Judicial Activism Is Necessary to Protect the Rights of American Citizens.

Topics: United States, Separation of powers, Supreme Court of the United States Pages: 3 (911 words) Published: October 5, 2006
Contention 1-
The majority does not perform the greatest ability to protect all members of a society. In the case of Miranda v Arizona, the courts had to decide whether or not a man was deprived of his freedoms while in police custody. Basically Miranda v Arizona completely changed the way police apprehend and interrogate suspects. However it was not only Miranda, but many other instances where the majority has not protected all minorities. Vignera v New York was another similar instance where a suspect was forced to sign statements and an inculpatory statement, while being questioned by police, without knowing he was entitled to legal representation. In California v Stewart, local police held and interrogated the defendant for 5 days, until he finally made an oral admission, all without being notified of his right to legal representation. Bob Egelko states, "Following the Supreme Court's lead [of expanding rights through activism], lower courts have taken control of prisons and mental hospitals after finding that the state was failing to protect inmates, a vulnerable group, from abuse." For example, in Massachusetts, inmates in mental hospitals were not properly cared for, nor were the facilities up to state regulations. The state had refused to step-in and take control of a privately operated prison and mental patient facility, neglecting many inmates who were to be protected from only themselves. Contention 2-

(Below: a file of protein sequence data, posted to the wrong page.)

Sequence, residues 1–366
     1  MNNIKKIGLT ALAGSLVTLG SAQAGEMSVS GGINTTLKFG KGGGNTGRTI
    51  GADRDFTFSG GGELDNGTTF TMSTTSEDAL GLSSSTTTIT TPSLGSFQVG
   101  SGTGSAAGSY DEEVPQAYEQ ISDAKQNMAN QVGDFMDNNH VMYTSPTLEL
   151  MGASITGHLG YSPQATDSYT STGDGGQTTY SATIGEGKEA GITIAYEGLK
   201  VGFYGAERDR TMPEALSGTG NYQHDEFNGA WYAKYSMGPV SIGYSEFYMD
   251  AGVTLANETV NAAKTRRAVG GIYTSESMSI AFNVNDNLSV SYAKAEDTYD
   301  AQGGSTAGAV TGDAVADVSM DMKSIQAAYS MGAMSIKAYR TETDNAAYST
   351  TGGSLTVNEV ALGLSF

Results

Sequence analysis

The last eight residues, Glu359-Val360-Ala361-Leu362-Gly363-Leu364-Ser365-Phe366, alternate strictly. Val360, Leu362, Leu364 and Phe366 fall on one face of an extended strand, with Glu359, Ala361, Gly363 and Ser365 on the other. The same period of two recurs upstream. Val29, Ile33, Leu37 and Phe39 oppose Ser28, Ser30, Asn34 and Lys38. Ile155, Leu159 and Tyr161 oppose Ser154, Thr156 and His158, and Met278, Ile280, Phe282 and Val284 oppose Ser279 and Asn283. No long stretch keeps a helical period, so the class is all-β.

The Constitution of the United States of America is intentionally vague, and therefore must be open to interpretation. There are several reasons to why the Constitution is vague. The originally formed document by the founding fathers was the Articles of Confederation. This document lacked major things such as a Supreme Court, outlined basic rights of citizenship, and a central banking system. The states were not content with such a document, as they wanted a more integrated country. Quickly the founding fathers came back together to form...
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